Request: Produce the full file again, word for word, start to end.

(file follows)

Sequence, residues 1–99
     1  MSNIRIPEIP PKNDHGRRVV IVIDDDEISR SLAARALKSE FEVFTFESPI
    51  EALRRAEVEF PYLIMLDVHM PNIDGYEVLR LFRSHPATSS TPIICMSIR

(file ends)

Sequence, residues 1–99
     1  MSNIRIPEIP PKNDHGRRVV IVIDDDEISR SLAARALKSE FEVFTFESPI
    51  EALRRAEVEF PYLIMLDVHM PNIDGYEVLR LFRSHPATSS TPIICMSIR